Update for May 27, 2016: Unpacking the Bill

At the Capitol

UnknownThe Governor is considering bills that made it to his desk and will make his decision on the Supplemental Budget bill this weekend. There is no reason to believe that this bill will go unsigned, but stranger things have happened! You can track when and if HF2749 is signed on the Governor’s Legislative Tracking page.

By now everyone has heard about the breakdown in the final hours of the 2016 legislative session. The public’s reaction to the lack of transportation funding and a bonding bill has been brutal. Now leaders are asking the Governor to call a special session to fix what they didn’t get done. Since every Senate and House seat is up for grabs in the November election they NEED to get at least a bonding bill done. The bonding bill provides legislators an opportunity to bring projects to their districts.

Politically, this is gold for the Governor, since only he can call a special session and will do so only when his requirements for that session agenda are met. It is hard to believe that two years of differences over transportation funding will suddenly undergo a dramatic change, but a bonding bill with transportation projects built in is possible.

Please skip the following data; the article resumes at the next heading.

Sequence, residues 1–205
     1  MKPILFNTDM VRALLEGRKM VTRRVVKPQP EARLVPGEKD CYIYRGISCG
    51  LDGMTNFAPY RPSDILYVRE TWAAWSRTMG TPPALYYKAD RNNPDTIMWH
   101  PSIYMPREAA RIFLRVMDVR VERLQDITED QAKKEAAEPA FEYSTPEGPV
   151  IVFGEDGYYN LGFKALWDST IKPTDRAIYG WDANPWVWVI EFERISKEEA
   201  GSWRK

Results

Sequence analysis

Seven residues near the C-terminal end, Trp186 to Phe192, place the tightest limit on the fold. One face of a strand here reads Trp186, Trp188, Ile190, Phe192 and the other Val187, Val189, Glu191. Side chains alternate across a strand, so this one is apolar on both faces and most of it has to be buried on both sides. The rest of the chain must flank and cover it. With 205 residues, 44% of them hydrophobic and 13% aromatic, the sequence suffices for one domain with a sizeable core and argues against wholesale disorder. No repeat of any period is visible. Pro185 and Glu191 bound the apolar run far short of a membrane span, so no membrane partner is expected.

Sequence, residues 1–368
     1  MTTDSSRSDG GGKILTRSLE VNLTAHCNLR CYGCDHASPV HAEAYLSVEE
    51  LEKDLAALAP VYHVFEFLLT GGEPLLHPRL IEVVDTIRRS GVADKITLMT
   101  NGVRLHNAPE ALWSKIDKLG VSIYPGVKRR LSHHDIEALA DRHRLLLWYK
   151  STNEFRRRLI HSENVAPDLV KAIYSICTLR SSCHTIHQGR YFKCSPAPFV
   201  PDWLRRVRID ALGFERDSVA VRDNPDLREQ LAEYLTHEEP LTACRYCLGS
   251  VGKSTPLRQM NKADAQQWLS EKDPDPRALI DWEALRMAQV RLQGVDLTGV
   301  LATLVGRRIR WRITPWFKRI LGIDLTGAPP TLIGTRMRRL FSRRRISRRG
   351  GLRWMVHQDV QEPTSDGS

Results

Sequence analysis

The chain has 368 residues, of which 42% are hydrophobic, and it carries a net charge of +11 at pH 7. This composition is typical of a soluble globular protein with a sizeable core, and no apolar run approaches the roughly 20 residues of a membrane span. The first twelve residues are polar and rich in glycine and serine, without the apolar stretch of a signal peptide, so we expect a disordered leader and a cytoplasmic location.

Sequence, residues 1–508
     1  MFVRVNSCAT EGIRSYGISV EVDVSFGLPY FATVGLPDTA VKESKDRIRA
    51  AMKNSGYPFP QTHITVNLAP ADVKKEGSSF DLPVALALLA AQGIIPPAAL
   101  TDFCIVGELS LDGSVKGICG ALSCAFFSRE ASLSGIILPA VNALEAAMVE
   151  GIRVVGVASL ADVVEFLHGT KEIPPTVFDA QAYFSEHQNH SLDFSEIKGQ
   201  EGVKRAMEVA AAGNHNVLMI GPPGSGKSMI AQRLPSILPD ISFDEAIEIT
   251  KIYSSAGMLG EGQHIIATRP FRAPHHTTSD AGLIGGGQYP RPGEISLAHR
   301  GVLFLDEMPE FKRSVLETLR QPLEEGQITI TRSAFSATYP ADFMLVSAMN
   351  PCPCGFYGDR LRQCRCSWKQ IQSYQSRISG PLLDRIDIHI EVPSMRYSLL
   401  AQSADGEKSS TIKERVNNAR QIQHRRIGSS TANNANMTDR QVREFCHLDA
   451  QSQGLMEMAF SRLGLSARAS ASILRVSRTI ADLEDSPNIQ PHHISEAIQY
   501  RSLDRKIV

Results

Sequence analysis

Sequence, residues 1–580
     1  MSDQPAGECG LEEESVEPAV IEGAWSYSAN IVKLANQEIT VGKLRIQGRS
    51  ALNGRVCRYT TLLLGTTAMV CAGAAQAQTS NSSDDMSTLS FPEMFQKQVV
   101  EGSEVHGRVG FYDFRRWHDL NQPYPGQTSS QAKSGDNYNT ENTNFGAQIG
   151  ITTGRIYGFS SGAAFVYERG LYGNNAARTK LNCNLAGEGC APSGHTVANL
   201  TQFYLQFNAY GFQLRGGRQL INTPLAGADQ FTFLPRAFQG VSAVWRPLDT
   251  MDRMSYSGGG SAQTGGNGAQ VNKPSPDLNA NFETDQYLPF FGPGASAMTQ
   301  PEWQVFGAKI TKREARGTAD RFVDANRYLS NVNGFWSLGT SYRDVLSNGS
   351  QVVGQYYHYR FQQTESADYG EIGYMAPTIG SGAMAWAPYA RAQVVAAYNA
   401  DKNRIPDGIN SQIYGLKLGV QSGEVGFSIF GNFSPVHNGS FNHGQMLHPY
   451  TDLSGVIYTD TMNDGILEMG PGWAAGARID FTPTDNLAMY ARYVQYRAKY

While this compromise may get the state through this year—and legislators out door knocking–there is a problem with funding the ongoing transportation needs of the state with one-time money. One could say the same thing about education.

While many provisions in the education section of this bill may be laudable, there is no overarching appropriation that helps all students. I can understand that in a non-funding year, but this idea of providing very few funds for lots of individual initiatives seems to be a new trend. It is less costly to fund a laundry list of small initiatives than to put money on the formula. And the amounts appropriated are pitifully mismatched to the needs.

One perfect example of this is the $12 M provision for support staff. It is the second largest education appropriation this year. Let’s unpack this provision, remembering that Minnesota ranks dead last nationally in counselor/pupil ratio, an undisputed fact.

This provision provides a one-time appropriation of $12 M divided out over a 6 year period to school districts that provide matching grants. The first four years, the district must match the grant dollar for dollar. In years 5 and 6, the district must provide $3 locally for each $1 of state grant dollars. Got it? Now, we have over 330 school districts, close to 1 million pupil units and $12 M to work with over a 6 year period. Be very, very careful how you listen to the success stories being reported to you!!

The largest appropriation